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How Discounted Cash Flow Works
Feb 2, 2012
Discounted cash flow is a widely used income approach method of valuation.
What does it mean to discount?
A discount is a deduction made to a sales price or value. With that being said, how is a deduction to value a valuation method?
Here’s a brief look at how it works.
A potential buyer of a company is purchasing future economic benefit or cash flow – in other words, a return on his or her investment.
The discount rate is just that, the rate of return the buyer expects to earn on the future cash flow he or she is anticipating receiving.
Application of the discount rate to the projected future cash flows yields a value that is indicative of the present value of the future cash flow to the buyer.
The discount rate must be compatible with overall market conditions and the risk to the buyer of the investment (the company) at the date of valuation.
The factors that are considered and assessed in the discount rate start with
- A risk-free rate of return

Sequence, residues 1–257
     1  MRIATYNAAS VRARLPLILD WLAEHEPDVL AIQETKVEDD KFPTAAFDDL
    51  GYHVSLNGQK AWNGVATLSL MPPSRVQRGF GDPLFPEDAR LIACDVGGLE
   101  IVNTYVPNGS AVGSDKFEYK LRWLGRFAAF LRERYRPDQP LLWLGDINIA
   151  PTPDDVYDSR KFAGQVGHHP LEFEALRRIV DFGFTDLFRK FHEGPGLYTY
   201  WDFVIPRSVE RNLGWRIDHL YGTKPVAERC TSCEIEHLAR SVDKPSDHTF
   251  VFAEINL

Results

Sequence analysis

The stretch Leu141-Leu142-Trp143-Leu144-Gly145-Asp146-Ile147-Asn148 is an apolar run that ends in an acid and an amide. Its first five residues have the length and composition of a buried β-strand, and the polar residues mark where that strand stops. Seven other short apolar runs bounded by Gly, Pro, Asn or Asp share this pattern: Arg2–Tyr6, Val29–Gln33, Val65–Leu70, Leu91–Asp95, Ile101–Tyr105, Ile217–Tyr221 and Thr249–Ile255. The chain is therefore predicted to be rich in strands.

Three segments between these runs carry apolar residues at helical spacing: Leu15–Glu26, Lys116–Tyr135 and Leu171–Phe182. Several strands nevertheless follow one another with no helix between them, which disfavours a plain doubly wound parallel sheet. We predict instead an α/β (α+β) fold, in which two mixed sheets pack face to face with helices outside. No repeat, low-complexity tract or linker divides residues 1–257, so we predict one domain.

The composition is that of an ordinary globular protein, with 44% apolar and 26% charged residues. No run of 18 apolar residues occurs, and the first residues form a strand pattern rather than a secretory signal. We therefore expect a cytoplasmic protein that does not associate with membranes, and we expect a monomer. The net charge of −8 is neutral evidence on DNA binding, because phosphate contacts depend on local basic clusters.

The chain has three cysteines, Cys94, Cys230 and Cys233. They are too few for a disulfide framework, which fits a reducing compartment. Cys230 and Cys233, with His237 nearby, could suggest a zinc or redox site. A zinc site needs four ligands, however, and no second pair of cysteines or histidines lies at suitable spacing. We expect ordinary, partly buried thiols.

- Risk of the market
- Risk of the size of the company
- Risk of the particular company
The valuation analyst must be supplied with reliable projections of future cash flow. Use of this method is contingent on the projected cash flow for the company, so the accuracy of these projections is vital to the accuracy of the calculated or concluded value.
It is also important for the analyst to consider that the projections must dictate what the anticipated cash flow will be for the future owner (the buyer), which may be different than what the past owner received. Therefore, adjustments may be necessary.
The discounted cash flow is a method of valuation that can be used for all transactions, but it is most frequently used in merger and acquisition transactions.
It is also a very effective method as it can readily be used to value entire companies (controlling interests) or very small company interests (noncontrolling interests).
Although a very reliable and popular method, there are many models and factors to consider. Proper assessment of the purpose of your valuation should be considered before use of this method.
When selecting an auditor, the Council on Social Work Education sought a firm that could bring the greatest technical expertise to our organization. I remember my first meeting with Terri McKnight. As a new Executive Director, I felt very confident that she and Gelman, Rosenberg & Freedman had a handle on the nonprofit industry and could help us make better financial decisions for our environment.
Dr. Julia Watkins | Executive Director
Council on Social Work Education